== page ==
Aboutscreen apparently says iPadOS 16, like the security bulletin did, while the
iPadOS Versionscreen explicitly says 16.1. It sounds as though iPhones and iPads now not only both support “the version family known as 16”, but also both have the very latest security fixes, so why not simply call both of them version 16.1 everywhere for clarity, including in the security bulletin and on the
- Where did macOS 10 Catalina go? Traditionally, Apple drops support for macOS version X-3 when version X comes out, but is that the actual explanation of why macOS 11 Big Sur and macOS 12 Monterey (versions X-2 and X-1 respectively) got updates while Catalina didn’t?
- What happened to iOS/iPadOS 15.7.1? When iOS 16 came out in September 2022, the previous version family received critical updates as well, taking it to version 15.7. This inclued a critical fix to close off a kernel-level zero-day hole under active exploitation, which often translates as “someone out there is sneaking spyware onto iPhones, folks”. So, given that iOS 16.1 included yet another kernel zero-day fix, perhaps closing off an avenue being exploited by yet more spyware, where was the corresponding patch for the iOS/iPadOS 15 family, which by analogy you would assume would be 15.7.1?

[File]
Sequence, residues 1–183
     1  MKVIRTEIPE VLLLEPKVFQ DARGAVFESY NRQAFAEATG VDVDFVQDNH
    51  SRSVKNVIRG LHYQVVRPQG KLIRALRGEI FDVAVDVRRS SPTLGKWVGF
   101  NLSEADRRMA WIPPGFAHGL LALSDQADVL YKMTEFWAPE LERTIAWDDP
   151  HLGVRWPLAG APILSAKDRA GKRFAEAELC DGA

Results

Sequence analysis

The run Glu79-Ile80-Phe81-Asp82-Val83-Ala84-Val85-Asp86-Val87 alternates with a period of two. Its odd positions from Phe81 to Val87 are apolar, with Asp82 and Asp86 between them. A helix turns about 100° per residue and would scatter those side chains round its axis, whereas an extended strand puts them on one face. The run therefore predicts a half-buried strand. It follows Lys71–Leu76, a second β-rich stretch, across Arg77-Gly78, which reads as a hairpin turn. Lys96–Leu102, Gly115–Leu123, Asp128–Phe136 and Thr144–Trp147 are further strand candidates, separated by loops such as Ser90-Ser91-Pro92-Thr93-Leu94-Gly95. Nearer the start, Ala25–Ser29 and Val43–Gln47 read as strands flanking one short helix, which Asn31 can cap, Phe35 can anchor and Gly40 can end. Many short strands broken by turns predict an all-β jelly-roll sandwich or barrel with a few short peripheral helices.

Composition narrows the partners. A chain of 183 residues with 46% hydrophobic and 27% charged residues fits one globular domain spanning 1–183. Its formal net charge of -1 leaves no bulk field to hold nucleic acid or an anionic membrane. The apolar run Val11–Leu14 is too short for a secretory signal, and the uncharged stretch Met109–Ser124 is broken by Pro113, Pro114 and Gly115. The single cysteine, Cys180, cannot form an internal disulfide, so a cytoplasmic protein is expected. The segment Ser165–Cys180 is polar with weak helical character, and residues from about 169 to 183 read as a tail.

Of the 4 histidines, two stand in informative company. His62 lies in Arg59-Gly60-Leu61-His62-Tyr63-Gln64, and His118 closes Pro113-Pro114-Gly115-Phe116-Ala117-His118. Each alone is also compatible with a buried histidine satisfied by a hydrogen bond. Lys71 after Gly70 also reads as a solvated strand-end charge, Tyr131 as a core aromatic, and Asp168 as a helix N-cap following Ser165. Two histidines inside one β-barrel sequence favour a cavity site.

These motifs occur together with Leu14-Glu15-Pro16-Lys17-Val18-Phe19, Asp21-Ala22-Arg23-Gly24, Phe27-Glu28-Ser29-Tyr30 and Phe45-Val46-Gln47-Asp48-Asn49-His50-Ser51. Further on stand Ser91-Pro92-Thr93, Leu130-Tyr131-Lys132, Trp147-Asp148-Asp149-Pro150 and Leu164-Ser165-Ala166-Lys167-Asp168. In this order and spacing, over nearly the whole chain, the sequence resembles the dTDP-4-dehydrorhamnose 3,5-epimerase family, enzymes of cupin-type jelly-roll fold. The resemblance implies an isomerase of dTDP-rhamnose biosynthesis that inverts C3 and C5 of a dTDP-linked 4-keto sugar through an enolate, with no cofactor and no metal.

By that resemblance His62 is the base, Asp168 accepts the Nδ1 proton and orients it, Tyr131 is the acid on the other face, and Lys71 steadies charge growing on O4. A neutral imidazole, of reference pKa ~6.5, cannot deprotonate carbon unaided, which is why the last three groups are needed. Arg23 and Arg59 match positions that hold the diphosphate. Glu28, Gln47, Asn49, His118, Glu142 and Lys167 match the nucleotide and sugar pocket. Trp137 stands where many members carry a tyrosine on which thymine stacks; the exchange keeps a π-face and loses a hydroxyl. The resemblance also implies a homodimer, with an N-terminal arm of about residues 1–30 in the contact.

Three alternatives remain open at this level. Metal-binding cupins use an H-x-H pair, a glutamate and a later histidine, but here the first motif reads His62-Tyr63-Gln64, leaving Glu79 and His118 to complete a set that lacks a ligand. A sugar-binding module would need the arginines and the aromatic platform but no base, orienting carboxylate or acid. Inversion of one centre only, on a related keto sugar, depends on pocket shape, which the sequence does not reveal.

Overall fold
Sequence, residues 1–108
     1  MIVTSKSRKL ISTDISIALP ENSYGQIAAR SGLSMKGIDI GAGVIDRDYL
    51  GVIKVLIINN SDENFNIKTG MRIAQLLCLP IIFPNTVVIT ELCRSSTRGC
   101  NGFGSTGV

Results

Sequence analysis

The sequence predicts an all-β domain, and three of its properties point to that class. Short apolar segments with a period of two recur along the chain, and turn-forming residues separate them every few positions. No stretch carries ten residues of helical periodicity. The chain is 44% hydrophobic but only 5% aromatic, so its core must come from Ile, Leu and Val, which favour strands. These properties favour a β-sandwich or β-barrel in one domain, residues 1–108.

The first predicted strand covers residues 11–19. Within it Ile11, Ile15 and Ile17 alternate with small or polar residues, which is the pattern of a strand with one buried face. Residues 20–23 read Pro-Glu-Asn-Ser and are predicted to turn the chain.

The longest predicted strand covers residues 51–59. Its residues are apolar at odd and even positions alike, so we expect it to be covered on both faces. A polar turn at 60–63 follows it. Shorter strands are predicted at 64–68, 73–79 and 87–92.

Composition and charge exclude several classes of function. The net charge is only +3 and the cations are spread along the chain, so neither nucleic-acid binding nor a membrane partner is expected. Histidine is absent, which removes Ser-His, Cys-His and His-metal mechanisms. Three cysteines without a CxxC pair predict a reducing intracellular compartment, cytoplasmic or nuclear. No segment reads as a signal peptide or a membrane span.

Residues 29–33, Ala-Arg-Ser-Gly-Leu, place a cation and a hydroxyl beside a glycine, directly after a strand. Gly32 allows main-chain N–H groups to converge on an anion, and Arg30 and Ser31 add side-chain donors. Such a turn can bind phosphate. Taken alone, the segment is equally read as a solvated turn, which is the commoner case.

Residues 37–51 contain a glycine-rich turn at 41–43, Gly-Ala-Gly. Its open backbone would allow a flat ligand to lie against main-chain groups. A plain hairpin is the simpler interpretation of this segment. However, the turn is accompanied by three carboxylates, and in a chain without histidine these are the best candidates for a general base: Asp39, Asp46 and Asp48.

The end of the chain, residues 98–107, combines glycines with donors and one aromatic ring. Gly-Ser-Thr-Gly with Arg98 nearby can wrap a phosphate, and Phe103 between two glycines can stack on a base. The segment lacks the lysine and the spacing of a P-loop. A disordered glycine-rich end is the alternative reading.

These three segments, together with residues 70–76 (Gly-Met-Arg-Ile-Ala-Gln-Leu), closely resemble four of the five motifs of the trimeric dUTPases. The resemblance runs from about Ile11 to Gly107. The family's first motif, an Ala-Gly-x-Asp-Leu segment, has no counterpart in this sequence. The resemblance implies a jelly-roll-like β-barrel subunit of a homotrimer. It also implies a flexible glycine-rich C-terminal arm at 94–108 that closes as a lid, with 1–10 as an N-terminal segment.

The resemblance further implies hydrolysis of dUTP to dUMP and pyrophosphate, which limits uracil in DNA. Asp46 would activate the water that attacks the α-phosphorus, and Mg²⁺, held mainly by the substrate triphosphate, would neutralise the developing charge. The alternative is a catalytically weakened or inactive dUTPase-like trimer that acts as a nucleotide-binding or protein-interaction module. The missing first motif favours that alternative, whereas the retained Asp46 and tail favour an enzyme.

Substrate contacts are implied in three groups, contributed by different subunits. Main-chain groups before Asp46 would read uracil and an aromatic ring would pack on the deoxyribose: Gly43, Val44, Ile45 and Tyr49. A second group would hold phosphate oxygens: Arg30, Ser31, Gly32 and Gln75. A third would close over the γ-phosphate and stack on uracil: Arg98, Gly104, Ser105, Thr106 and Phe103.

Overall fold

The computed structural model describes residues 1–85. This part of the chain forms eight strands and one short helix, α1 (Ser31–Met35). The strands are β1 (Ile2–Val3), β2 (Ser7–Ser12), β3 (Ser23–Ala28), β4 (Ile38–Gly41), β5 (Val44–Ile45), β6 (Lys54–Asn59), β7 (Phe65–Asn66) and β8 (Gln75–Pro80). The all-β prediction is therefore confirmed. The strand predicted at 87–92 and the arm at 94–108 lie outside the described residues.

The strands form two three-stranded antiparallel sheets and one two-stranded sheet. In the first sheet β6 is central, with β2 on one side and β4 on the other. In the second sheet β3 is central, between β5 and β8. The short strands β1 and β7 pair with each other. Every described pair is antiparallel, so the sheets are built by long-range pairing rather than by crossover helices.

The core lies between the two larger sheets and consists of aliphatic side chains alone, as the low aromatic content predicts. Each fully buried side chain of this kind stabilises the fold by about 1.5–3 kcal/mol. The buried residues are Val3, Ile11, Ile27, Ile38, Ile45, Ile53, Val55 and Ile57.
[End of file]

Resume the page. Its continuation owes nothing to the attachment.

As we said in yesterday’s podcast, faced with the fourth question above from a concerned reader, our short answer was simply, “DUCK: Don’t know./DOUG: Clear as mud.”
Sometimes, security bugs in operating system version X simply don’t apply to version X-1, for example because the bugs exist in code that was only added, or only exposed to danger, in newer releases.